Letter: narrow interests don’t serve public welfare
I went to the meeting of the Task Force for Long Term Financial Analysis and Planning on Dec. 8.
Let me say up front I did not stay for the whole meeting. By the time a representative from the Legislative Council Bureau started explaining to this panel of “experts” step by step, how the budget is created and how the legislative process works, I’d had enough and left.
I did stay long enough to observe Mr. Ernaut’s swan song appearance as the Governor’s Chief of Staff, and there are a couple of points he made that need a response.
First, assumptions. Mr. Ernaut made quite a to-do about assumptions pointing out, quite correctly, that if the assumptions going in are no good, what comes out the other end won’t be very good either. But then the problems began as he spent the rest of his talk spouting false assumptions.
Mr. Ernaut waved his arm around crying about “wildly fluctuating revenues.” For the umpteenth time since 1981, the combined revenue to the general fund from sales and gaming taxes has never, repeat never, fallen year over year and that includes two recessions.
Mr. Ernaut made much of the crisis in the early ’90s, and the draconian cuts in the budget that had to be made. But was that a Nevada recession or a national recession? Again, combined sales and gaming revenues rose in ’91, ’92 and ’93. What state, operating with even the most “stable” tax base came through the last recession any better than Nevada?
More: reading the minutes of the first meeting of this committee two documents were presented to justify the “need” for a financial analysis. One was the Price Waterhouse/Urban Institute study bought and paid for by the Resort Association. The other was the “Outlook for State and Local Finances – the Dangers of Structural Deficits to the Future of American Education,” bought and paid for by the NEA.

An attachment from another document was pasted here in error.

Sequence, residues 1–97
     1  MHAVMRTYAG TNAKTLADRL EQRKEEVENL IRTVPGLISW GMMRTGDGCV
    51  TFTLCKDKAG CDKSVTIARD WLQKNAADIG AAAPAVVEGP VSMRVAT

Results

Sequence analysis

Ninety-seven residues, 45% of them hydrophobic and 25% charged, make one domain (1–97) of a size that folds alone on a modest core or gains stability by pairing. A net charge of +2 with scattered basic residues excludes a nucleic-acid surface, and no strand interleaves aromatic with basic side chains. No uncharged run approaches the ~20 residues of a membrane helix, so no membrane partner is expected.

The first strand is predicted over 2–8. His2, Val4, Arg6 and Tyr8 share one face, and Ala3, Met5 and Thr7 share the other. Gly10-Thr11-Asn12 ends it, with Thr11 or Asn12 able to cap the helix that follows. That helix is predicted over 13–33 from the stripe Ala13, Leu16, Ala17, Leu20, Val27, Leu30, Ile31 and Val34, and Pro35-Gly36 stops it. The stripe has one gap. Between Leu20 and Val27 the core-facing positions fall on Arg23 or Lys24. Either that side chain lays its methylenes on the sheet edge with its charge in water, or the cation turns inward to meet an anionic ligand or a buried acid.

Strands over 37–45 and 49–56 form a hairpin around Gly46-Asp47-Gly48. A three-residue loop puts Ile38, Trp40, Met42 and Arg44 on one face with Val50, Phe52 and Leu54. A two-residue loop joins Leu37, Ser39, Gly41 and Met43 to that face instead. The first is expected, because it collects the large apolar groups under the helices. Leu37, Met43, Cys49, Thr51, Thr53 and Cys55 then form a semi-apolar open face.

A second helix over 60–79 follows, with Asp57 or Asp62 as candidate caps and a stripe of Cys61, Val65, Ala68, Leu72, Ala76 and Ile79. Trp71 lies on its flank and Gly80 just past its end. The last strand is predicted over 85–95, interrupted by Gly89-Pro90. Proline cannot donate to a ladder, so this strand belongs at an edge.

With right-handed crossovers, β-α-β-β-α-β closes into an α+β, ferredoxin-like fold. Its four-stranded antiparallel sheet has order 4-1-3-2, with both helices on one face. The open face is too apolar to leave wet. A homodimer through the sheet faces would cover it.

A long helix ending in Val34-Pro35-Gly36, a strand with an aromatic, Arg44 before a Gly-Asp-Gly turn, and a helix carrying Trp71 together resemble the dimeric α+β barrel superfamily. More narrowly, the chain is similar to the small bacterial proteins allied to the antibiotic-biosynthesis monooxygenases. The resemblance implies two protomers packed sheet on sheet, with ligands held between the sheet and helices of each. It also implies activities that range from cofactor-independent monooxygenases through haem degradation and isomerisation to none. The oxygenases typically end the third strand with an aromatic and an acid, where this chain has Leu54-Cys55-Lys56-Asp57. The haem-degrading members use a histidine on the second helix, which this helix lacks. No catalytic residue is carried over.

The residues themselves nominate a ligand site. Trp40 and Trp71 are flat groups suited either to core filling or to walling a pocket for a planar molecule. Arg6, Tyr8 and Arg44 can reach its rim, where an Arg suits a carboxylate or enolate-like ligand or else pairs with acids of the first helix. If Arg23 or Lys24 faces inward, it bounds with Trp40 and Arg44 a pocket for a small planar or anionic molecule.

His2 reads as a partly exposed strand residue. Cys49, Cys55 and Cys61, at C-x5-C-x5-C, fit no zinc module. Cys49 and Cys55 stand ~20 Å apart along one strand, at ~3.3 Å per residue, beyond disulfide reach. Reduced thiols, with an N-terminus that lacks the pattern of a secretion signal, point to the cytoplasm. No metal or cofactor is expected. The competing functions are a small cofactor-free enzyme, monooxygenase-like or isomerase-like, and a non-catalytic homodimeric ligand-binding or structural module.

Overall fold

While both these organizations are perfectly legitimate, they are also both powerful, self-serving factions within our society. They may sincerely believe that what’s good for them is good for society but is that assumption necessarily correct? No, it is not. Serving the narrow interests of powerful factions does not promote the general welfare. It promotes specific welfare and is trickle-down economics at its worst. Accepting these two reports as foundation documents for a financial analysis of Nevada government is a false assumption of a magnitude to match “the earth is flat.”
Finally, has anyone paid even the slightest attention to the makeup of this panel? There are no elected officials on it. It has 13 members, eight of whom (61 percent) are public employees. So we have public employees formulating policy decisions about whether or not the people of Nevada will be required to provide more resources to the government of Nevada. No conflict there, right? Oh, by the way, the bill that created this panel (AB 525) was introduced by Jan Evans, a public employee/legislator. No conflict there either, right?
I believe this panel is just another example of how we have undergone and continue to undergo a major restructuring of our system of government. This “new system” represents a governmental structure that is diametrically opposed to the classical liberal principles of representative government on which our nation and our state were founded. We abandon those principles at great risk to ourselves and future generations.